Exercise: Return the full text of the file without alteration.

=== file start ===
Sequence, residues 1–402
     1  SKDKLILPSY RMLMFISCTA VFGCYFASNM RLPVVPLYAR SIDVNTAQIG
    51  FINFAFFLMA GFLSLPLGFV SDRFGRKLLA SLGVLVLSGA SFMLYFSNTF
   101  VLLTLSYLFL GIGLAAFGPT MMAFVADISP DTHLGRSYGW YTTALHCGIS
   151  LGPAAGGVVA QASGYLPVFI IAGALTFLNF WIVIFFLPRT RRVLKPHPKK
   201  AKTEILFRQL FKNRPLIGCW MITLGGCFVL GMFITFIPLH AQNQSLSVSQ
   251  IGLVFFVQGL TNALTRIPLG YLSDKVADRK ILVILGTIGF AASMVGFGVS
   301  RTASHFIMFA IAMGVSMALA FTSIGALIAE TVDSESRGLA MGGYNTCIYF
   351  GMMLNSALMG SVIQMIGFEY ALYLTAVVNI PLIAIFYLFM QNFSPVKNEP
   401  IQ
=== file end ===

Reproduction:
Sequence, residues 1–402
     1  SKDKLILPSY RMLMFISCTA VFGCYFASNM RLPVVPLYAR SIDVNTAQIG
    51  FINFAFFLMA GFLSLPLGFV SDRFGRKLLA SLGVLVLSGA SFMLYFSNTF
   101  VLLTLSYLFL GIGLAAFGPT MMAFVADISP DTHLGRSYGW YTTALHCGIS
   151  LGPAAGGVVA QASGYLPVFI IAGALTFLNF WIVIFFLPRT RRVLKPHPKK
   201  AKTEILFRQL FKNRPLIGCW MITLGGCFVL GMFITFIPLH AQNQSLSVSQ
   251  IGLVFFVQGL TNALTRIPLG YLSDKVADRK ILVILGTIGF AASMVGFGVS
   301  RTASHFIMFA IAMGVSMALA FTSIGALIAE TVDSESRGLA MGGYNTCIYF
   351  GMMLNSALMG SVIQMIGFEY ALYLTAVVNI PLIAIFYLFM QNFSPVKNEP
   401  IQ